Sharp’s critique was written after a career in government with Pierre Trudeau’s Liberals, who appear to have caused a major shift in the length and content of throne speeches.

In 1980, Pierre Trudeau’s government launched an ambitious throne speech that set a couple of high-water marks. First, it breached the 4,000 word mark, pushing the speech beyond half an hour for anyone listening live. It also introduced a new innovation by littering marketing-style sub-headings throughout the speech. After the pre-amble, Governor General Edward Schreyer reached the first section, which began with the heading: “Putting People First.

The next sub-heading would prove ominous for Alberta: “Security of Energy, at a Fair Price.” In that year’s October budget, the National Energy Program would be announced, sparking a bitter reaction in Alberta.

This may have been a watershed moment for the country, but it may also have been a turning point for speeches from the throne. The sub-headings gave the 1980 speech the appearance of a political document and contemporary speeches barely pretend to be anything else.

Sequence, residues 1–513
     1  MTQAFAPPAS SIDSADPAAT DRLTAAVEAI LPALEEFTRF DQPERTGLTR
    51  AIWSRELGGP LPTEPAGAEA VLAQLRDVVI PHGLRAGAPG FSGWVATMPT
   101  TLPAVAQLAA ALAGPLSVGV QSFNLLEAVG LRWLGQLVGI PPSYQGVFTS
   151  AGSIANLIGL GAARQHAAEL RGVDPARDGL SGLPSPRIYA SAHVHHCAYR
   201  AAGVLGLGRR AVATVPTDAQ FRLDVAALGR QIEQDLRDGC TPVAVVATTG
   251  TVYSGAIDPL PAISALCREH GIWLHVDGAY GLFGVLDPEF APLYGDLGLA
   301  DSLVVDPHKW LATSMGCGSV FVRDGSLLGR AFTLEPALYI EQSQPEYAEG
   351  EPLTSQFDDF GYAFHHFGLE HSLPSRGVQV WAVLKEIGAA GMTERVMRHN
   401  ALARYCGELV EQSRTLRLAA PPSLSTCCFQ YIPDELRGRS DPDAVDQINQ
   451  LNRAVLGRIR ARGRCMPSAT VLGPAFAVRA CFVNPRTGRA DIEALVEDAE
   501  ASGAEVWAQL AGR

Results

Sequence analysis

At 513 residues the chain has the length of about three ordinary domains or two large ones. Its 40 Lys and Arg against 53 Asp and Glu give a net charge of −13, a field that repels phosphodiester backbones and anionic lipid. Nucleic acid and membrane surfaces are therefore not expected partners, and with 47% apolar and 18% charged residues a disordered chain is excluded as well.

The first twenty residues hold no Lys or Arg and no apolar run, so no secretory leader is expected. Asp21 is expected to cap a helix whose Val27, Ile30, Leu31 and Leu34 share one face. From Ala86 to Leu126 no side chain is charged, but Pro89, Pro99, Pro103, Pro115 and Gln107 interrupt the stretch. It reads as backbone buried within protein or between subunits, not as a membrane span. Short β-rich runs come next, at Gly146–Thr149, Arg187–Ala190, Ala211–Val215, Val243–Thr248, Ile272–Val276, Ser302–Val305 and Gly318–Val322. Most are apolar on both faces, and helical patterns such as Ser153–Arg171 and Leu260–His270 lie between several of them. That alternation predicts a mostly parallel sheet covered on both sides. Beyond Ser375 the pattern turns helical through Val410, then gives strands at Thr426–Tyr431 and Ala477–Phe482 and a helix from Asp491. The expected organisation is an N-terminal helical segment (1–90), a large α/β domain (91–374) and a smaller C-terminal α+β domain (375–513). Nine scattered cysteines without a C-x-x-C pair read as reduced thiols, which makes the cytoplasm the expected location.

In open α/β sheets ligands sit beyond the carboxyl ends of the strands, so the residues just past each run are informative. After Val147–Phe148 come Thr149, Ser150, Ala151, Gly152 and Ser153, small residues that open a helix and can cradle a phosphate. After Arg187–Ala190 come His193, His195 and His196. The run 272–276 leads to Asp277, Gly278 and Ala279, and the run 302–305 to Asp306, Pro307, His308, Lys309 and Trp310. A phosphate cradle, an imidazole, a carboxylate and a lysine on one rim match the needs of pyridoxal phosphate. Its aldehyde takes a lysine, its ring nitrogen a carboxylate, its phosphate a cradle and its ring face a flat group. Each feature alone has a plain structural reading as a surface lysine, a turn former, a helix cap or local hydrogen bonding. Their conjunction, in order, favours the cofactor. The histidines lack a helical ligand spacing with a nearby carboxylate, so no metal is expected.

In Canada’s early years, there wasn’t much time for political musings during the speech from the throne.

The first ten throne speeches averaged 854 words, according to the Senate’s website. The throne speeches given at the beginning of the first 10 Parliaments averaged 670 words in length, according to The Hub’s analysis. That number is dragged down by an “inconvenient session” in 1896 after Wilfrid Laurier’s Liberals formed government, which was quickly followed by a new session the following year.